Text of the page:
On December 27, Iran will conduct joint war games
with China and with Russia. According to the announcement released by Iranian leadership, this exercise is codenamed Naval Security Belt. The games are scheduled to take place — on land, sea, and air — in the Straits of Hormuz and the Indian Ocean.
Rear Admiral Hossein Khanzadi of Iran met with Deputy Chief of the Joint Staff Department of China's Central Military Commission, Major General Shao Yuanming, in Iran's capital city Tehran. The two military honchos went over details of the maneuvers. Even before their official meeting the Iranian general had announced that the trilateral games will take place in the Indian Ocean. He said: “The purpose of the war game is to ensure collective security and help strengthen security in the northern region of the Indian Ocean, which is witnessing incidents such as piracy.”
And as early as November, Russian Foreign Minister Sergey Lavrov is quoted saying: "We, the People's Republic of China and Iran are preparing naval drills for fighting terrorists and pirates in this part of the Indian Ocean." The Straits of Hormuz seem to be an add-on.
The link between Iran, China, and Russia is incredibly dangerous. And it is getting stronger. Iran knows this, China knows this, Russia knows it. And they want to make sure that the entire world, especially the Western world, knows it, too. They are sending out the message and then reinforcing the message.
This week Iran made another official announcement. They announced that in December a "joint war game between several countries, whether on land, at sea or in the air, indicates a remarkable expansion of cooperation among them."
These war games are an important move by three expanding powers of the world, countries that set themselves up as a check against the most powerful world power, the United States of America. It is a combined, concerted move aimed at and aimed against U.S. interests.
There is history with this triumvirate of nations hostile to the United States. In November of 2016 Iran and China signed an agreement to mutually advance their naval and security interests. Since then, large numbers of Iranian officers have travelled to China to train at their staff colleges.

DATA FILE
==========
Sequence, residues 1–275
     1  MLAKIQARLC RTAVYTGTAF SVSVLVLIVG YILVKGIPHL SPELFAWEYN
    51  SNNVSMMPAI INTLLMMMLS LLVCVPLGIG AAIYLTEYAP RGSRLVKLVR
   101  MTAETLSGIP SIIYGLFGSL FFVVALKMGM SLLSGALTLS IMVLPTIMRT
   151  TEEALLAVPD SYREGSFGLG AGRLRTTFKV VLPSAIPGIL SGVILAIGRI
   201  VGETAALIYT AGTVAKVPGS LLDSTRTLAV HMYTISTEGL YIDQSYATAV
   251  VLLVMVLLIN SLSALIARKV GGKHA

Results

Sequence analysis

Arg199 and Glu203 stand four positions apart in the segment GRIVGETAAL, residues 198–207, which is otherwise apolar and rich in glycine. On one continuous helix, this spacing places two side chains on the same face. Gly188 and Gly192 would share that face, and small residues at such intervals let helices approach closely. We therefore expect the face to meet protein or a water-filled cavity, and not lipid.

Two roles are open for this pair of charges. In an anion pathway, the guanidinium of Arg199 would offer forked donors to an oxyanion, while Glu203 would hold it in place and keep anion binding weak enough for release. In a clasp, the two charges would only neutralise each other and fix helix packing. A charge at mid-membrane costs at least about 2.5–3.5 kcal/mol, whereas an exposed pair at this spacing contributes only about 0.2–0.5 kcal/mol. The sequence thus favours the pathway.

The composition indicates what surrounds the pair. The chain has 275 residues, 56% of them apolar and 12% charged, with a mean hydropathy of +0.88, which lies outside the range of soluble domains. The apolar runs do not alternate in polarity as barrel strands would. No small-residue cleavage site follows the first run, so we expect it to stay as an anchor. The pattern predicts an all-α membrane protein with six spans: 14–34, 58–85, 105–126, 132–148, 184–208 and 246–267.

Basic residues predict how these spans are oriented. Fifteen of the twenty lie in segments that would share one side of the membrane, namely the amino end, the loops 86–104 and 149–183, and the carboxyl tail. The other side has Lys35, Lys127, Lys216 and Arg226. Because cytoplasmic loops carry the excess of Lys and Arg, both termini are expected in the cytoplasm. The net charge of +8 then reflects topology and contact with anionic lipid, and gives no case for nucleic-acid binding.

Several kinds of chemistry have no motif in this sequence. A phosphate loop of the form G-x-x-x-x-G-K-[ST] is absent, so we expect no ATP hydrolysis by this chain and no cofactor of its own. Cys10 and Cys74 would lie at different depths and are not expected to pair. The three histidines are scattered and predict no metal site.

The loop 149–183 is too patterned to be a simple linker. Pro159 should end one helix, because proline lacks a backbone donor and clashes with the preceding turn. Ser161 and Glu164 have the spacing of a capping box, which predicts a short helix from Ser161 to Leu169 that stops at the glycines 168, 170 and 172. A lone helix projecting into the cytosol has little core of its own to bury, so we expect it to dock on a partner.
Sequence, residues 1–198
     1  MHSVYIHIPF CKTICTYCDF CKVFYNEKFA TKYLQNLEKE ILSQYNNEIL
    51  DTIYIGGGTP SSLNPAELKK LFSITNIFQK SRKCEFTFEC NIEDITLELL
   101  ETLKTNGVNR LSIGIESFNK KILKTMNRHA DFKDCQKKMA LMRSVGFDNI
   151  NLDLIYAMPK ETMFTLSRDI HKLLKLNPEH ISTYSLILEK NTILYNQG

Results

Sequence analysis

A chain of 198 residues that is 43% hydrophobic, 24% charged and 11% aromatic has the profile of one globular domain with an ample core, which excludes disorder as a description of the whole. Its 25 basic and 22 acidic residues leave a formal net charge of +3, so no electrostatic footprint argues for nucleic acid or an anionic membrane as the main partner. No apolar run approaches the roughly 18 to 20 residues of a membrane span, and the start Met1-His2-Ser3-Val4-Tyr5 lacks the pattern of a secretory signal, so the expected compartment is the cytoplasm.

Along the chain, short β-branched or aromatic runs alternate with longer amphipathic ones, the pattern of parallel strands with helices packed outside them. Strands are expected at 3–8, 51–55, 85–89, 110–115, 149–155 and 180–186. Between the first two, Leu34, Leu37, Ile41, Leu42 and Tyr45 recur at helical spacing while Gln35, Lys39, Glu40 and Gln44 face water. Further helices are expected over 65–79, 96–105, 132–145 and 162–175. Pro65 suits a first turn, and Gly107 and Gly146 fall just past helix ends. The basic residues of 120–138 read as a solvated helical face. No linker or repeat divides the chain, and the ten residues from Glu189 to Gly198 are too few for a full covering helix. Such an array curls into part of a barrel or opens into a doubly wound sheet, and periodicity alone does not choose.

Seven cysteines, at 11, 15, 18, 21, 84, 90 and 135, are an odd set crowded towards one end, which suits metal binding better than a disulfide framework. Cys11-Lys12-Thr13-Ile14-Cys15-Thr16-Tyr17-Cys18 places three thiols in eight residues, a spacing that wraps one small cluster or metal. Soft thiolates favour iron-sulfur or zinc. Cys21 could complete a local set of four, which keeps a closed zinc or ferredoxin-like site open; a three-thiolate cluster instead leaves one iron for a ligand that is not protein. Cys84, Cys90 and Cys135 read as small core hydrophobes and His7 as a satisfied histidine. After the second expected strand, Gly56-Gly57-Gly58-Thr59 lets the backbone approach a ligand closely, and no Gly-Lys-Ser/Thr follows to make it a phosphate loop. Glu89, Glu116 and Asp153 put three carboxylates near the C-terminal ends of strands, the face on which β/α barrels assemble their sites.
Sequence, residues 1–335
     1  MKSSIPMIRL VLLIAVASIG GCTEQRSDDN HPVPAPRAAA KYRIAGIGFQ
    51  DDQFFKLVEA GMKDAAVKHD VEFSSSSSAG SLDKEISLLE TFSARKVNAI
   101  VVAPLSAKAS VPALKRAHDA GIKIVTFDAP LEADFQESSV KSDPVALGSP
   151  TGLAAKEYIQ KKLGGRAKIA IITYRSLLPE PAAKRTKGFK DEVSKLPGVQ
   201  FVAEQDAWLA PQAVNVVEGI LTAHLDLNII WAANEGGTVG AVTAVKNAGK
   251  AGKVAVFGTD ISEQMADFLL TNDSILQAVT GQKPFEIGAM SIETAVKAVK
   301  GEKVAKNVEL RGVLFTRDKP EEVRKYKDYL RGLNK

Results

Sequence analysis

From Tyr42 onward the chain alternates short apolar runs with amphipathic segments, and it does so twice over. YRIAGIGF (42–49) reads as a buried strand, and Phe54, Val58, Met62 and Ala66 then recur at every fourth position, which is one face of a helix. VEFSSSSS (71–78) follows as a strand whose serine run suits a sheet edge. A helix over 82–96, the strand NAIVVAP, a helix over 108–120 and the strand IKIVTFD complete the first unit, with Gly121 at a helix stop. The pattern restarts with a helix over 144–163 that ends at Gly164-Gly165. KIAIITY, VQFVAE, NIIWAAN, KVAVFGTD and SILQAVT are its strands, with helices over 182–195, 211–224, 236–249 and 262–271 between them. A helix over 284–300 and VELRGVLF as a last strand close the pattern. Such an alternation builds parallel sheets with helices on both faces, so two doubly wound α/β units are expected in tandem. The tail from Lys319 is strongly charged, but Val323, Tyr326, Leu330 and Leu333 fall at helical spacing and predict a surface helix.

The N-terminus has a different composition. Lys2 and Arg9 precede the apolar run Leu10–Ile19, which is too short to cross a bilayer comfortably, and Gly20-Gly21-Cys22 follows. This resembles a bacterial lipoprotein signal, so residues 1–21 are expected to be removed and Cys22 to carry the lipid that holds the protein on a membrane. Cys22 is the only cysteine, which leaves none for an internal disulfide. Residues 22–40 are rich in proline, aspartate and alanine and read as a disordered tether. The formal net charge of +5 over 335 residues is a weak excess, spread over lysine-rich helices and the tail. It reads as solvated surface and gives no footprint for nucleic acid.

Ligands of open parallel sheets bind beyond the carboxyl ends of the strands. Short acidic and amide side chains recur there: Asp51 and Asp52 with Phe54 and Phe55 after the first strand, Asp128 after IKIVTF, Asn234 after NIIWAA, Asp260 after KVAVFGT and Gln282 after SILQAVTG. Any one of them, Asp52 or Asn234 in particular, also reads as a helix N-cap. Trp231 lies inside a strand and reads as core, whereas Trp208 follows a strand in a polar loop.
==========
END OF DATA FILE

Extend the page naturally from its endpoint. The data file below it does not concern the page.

Rear Admiral Khanzadi also emphasized that Iran and China are not only joining for war games, they are also jointly engaged in the production of destroyers and submarines. He said, “We will begin manufacturing heavy surface and subsurface equipment in the near future, and are ready for joint operations and the exchange of technical data as well as research capacities with China.”
Secretary of the National Security Council in Iran, Ali Shamkhani, explained why all this is happening. He said, "The countries that have had the biggest share in creating tensions and insecurity in the region and plunged the region into chaos and destruction by waging multiple wars and spreading terrorism have never been after the Persian Gulf's stability and security, and only seek to fulfill their own interests and plunder the region."
This top level Iranian official was pointing his finger at the United States.
Iran believes that the United States is bullying the world. In fact, Iranian Rear Admiral Khanzadi described the U.S. as using "bullying tactics" to "sanction another country's oil by restricting its passage through international waters." Translation: the United States placed sanctions on Iran and any other country doing business with or helping Iran.
He went on to say that the United States needs to be taught a lesson and that, “They need to realize that those countries with common interests have close military cooperation with one another in a bid to achieve a desirable level in their collective security... The war game seeks to deliver this message to the world that any kind of security at sea must include the interests of all concerned countries ... We do not condone the kind of security that only caters to the benefits of one specific country at a specific time and which disregards the security of others.”
"Seas," he explained, which are used as a "platform for conducting global commerce, cannot be exclusively beneficial to certain powers."
Iran is justifiably upset by the impact U.S. sanctions have had on their economy, especially the sanctions imposed on Iranian oil. The sanctions have ravaged their economy. Iran believes that their navy must be secure. And they know that there is safety in numbers and that China and Russia would be only too glad to help them take the United States down a notch.
The irony here is that Iran is the culprit. The United States is working valiantly to keep the seas — the Straits of Hormuz and the Indian Ocean — safe for all countries, and it is Iran that has stimulated and sponsored many of these vile elements their own admiral is decrying. And China and Russia don't view that as a problem.
Talk about the fox guarding the henhouse.
Micah Halpern is a political and foreign affairs commentator. He founded "The Micah Report" and hosts "Thinking Out Loud with Micah Halpern" a weekly TV program and "My Chopp" a daily radio spot. A dynamic speaker, he specializes in analyzing world events and evaluating their relevance and impact. Follow him on Twitter @MicahHalpern. To read more of this reports — Click Here Now.
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